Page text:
UK: ‘Invisible ink’ al Qaeda plotter released

An al Qaeda terrorist was given a jail sentence of 10 years in Britain in 2008.

London: An al Qaeda terrorist, who was given a jail sentence of 10 years in Britain in 2008, has been released early from prison.

Thirty-two-year-old Habib Ahmed was convicted after being caught smuggling code books written in invisible ink into the UK.

He was part of a British terror cell that according to the police were planning a massacre in the country.

Despite a jail sentence of ten years, Ahmed has now been released and is living at a bail hostel in Manchester, the Telegraph reports.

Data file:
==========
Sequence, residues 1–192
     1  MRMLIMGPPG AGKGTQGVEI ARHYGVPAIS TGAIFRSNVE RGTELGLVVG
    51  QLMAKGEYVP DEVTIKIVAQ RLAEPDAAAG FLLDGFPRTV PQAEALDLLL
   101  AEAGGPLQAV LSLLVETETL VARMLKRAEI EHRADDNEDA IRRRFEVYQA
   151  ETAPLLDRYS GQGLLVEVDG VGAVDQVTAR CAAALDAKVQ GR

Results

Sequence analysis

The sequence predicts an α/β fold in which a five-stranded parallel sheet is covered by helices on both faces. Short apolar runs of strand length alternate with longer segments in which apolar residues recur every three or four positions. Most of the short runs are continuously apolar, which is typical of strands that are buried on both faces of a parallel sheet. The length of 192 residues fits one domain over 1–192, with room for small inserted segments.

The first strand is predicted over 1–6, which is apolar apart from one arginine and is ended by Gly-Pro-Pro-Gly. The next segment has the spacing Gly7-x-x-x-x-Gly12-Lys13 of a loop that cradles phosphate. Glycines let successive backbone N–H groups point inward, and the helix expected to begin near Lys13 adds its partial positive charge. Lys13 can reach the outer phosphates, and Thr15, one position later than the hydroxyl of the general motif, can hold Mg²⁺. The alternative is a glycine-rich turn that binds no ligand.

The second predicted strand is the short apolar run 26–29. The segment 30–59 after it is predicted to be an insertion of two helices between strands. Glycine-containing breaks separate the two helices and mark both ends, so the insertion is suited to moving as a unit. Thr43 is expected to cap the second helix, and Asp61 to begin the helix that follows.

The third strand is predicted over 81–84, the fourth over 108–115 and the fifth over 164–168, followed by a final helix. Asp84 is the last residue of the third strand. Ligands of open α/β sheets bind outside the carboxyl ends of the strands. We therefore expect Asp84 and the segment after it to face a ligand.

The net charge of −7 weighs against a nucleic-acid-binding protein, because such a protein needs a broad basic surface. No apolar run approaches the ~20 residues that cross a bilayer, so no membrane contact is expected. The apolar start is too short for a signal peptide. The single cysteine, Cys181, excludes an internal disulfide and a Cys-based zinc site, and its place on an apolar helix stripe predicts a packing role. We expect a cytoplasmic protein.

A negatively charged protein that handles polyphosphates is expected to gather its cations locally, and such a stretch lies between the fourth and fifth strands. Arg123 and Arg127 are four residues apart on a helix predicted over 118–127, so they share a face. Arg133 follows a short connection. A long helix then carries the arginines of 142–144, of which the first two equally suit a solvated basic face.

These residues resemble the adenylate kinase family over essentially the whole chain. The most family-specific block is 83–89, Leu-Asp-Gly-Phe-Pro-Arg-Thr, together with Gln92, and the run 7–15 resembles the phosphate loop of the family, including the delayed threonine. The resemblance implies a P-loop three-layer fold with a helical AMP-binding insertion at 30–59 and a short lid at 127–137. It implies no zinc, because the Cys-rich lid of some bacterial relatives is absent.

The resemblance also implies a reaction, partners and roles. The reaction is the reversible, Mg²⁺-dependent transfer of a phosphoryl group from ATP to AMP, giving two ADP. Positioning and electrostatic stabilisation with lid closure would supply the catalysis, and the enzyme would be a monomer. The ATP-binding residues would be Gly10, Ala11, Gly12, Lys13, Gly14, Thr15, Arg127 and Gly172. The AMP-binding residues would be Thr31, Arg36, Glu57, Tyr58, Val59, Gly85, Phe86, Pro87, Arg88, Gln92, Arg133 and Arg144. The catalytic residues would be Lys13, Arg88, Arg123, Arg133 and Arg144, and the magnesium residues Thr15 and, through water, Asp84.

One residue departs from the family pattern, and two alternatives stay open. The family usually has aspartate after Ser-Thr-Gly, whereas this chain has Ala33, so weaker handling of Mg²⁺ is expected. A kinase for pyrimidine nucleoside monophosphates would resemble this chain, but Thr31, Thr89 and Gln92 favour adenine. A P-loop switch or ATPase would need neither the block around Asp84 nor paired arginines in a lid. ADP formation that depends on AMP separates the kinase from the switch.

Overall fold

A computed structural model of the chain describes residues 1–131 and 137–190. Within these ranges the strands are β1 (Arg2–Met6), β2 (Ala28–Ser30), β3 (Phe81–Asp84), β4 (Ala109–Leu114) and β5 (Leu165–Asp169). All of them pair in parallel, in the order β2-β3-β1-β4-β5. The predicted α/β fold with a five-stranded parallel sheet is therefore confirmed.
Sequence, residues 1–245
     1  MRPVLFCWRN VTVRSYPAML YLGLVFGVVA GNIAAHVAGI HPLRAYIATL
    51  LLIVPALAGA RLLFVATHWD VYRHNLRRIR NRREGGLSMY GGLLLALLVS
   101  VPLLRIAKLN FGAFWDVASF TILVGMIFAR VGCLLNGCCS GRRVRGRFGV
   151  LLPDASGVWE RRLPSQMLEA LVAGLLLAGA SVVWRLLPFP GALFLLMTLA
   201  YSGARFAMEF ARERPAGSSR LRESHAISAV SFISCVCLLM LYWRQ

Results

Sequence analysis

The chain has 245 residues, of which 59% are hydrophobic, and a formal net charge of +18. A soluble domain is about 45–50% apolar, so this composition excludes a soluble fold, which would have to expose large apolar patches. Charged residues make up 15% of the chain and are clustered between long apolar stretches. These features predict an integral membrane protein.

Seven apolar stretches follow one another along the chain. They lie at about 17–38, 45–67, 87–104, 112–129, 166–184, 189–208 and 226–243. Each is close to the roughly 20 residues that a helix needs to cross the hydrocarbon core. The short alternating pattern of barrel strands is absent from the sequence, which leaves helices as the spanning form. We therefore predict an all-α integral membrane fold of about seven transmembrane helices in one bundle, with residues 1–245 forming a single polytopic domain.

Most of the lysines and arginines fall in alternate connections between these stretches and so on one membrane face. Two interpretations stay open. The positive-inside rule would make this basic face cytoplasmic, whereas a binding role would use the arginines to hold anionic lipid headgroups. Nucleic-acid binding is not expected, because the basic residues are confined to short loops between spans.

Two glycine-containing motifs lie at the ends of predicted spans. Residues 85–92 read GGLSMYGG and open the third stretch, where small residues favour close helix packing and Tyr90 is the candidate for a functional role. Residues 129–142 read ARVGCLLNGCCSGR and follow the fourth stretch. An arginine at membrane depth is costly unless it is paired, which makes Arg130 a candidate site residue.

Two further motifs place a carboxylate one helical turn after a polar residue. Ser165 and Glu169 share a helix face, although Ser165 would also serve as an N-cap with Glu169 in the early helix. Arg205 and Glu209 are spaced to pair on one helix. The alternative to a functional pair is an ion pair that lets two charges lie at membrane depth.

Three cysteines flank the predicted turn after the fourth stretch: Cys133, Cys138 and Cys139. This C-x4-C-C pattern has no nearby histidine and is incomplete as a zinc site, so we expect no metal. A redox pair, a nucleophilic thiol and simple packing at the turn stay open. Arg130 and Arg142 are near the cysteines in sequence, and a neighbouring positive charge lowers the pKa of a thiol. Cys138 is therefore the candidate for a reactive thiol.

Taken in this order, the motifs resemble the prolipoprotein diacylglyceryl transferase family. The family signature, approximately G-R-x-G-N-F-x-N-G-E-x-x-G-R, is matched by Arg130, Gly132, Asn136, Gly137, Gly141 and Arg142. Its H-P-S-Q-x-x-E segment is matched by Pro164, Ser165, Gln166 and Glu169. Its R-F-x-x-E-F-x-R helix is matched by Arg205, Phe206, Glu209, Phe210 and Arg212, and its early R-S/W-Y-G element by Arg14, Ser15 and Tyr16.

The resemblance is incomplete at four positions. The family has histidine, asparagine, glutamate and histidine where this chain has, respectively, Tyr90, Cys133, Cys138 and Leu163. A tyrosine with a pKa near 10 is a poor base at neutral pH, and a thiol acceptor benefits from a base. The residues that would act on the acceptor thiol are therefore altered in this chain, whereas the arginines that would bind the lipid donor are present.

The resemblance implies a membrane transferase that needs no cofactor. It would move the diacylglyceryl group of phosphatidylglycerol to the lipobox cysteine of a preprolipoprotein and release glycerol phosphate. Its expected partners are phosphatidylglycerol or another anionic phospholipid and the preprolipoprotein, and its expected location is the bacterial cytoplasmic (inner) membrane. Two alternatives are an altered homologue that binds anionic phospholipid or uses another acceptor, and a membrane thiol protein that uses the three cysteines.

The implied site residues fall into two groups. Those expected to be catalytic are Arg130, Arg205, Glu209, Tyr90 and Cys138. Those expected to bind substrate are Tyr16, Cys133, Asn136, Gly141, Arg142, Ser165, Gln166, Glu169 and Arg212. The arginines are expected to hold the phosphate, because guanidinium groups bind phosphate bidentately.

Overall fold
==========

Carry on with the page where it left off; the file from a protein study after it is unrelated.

He was caught when British Customs found notebooks containing names and phone numbers of key al Qaeda figures as he flew from Dubai to hand them to Rangzieb Ahmed, the head of the British terror cell he worked for.

During Ahmed’s trial the court heard how he downloaded a document called “a study of assassination” and looked up bomb-making techniques.

He also checked on the addresses of former defence secretary Geoff Hoon, military bases and senior policemen, the paper said.

Ahmed was arrested in 2006 and so had spent five years in prison including time spent on remand.

Meanwhile, Tory MP Philip Davies has blamed the last government for changing the law so criminals are freed after half their sentence.

“We are releasing dangerous people,” the Sun quoted Davies, as saying.


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